The NBA has paused its regular-season schedule for a week for one of its annual showcase events, All-Star Weekend in Cleveland, which began with the Rising Stars tournament Friday night.
Once all of the acrobatic dunks and 3-point displays and skills competitions have been executed, once another All-Star Game has been played, there will be no shortage of intriguing storylines for the remainder of the 2021-22 campaign — both on a local and league-wide level — when the games resume Thursday night.
Here are 10 of the biggest stories to follow across the league for the final two months of the regular season and into the postseason:
No sleep ’til …
Despite their recent 11-game losing streak, the Nets still are the more captivating team in the New York market, especially with the eventual addition of Ben Simmons to their rotation, the pending return of injured of Kevin Durant and the ongoing saga involving unvaccinated Kyrie Irving. How many games the newly assembled Big 3 will get to play together and how quickly they can develop chemistry should determine whether the Nets will be considered a viable postseason threat.
The skidding Knicks, on the other hand, hit the break losers of seven of eight to fall 3 ½ games out of the No. 10 play-in position in the Eastern Conference, prompting reports that coach Tom Thibodeau has lost support within the front office. They finished last season on a 16-4 kick and probably need something similar to even have a chance at a 7-10 play-in berth, so an attention shift towards younger players and the draft soon could be in the offing.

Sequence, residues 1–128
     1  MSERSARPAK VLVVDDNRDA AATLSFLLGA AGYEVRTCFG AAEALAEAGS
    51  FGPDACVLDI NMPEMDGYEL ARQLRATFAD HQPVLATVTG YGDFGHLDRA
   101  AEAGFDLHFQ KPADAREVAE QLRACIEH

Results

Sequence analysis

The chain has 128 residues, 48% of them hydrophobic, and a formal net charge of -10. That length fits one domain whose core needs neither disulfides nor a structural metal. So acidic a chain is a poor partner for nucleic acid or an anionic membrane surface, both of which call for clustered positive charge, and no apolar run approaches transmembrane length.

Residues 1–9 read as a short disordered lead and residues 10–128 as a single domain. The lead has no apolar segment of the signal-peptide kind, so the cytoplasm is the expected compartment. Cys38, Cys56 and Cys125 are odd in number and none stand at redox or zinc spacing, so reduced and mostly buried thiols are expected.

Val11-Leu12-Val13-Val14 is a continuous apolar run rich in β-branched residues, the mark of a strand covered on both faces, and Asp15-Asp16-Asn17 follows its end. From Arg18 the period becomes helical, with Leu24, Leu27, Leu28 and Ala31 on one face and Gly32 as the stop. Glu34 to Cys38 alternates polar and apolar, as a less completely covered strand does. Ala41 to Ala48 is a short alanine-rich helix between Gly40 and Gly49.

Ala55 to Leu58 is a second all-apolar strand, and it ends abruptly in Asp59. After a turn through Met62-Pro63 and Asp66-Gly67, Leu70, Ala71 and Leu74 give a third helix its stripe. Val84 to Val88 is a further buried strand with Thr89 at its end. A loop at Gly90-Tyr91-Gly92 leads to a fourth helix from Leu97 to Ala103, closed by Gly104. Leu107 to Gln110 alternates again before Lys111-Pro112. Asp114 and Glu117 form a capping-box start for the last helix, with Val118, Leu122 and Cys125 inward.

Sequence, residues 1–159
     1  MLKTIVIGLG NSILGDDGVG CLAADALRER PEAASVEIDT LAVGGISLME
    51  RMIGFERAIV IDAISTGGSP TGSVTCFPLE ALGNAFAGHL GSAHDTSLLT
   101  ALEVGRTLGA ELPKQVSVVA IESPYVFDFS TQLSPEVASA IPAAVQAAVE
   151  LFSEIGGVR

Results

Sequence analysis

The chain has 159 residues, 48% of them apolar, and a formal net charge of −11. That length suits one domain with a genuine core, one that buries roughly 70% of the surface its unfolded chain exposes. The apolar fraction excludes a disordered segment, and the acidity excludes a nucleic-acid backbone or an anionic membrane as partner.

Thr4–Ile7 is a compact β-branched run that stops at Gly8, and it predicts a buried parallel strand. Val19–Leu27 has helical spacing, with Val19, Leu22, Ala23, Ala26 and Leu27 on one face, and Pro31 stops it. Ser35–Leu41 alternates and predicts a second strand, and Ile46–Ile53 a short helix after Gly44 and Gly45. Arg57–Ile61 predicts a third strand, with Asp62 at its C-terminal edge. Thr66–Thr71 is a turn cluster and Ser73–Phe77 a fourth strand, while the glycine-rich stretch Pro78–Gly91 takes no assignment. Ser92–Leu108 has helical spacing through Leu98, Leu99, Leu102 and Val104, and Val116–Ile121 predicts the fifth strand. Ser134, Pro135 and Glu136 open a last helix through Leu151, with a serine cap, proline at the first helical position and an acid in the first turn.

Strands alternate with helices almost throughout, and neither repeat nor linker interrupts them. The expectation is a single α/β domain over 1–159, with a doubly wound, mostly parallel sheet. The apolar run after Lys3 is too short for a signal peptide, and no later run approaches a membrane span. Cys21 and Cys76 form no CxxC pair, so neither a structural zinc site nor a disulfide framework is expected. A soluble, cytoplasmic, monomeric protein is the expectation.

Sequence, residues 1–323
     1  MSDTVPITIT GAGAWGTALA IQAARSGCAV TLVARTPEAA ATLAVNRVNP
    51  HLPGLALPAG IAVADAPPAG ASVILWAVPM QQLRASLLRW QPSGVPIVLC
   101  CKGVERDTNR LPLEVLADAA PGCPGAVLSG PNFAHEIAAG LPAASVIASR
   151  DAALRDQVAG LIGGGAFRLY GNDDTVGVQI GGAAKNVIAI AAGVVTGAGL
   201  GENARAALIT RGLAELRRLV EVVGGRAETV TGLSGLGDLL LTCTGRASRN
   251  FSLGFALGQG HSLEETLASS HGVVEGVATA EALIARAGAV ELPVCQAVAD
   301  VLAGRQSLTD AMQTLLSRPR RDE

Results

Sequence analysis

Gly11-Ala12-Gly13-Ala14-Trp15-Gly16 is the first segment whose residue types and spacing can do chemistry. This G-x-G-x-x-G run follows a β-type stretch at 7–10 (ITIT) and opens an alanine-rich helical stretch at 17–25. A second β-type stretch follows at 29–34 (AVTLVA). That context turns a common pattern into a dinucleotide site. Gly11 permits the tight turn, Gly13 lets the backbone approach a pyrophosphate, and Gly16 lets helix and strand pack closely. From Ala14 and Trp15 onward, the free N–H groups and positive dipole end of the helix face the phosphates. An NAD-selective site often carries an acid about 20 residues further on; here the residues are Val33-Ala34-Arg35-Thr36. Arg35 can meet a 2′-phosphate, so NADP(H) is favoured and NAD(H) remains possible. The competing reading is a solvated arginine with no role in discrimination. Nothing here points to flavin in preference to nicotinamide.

The king and his court
The Lakers continue to be the league’s highest-rated soap opera, with a ninth-place record of 27-31 in the Western Conference entering the break despite a 12-year high of 29.1 points per game from 37-year-old LeBron James. Russell Westbrook, their $44 million per year offseason acquisition, is often benched late in games, and their other star, Anthony Davis, is expected to miss at least a month with a foot injury. Carmelo Anthony’s last chance at an elusive title looks highly unlikely in Los Angeles.
Harden his heart
James Harden’s forced departure from the Nets was a terrible look, but the 10-time All-Star now will team with MVP candidate Joel Embiid to try to get the 76ers past the second round of the playoffs for the first time since an NBA Finals run in 2001. Tobias Harris goes back to being one of the league’s better No. 3 options, and second-year point guard Tyrese Maxey emerged as one of the league’s most improved players during Simmons’ season-long absence.
What about the Bucks?
Giannis Antetokounmpo and the defending league champions have quietly flown under the radar in an improved Eastern Conference, essentially in a three-way tie for the third, fourth and fifth seeds with the 76ers and the Cavaliers entering the stretch run. Their battle-tested Big 3 of Antetokounmpo, Khris Middleton and Jrue Holiday have a record of 24-7 when in the lineup together this season, and Milwaukee could get another boost if veteran big man Brook Lopez can return down the stretch from December back surgery.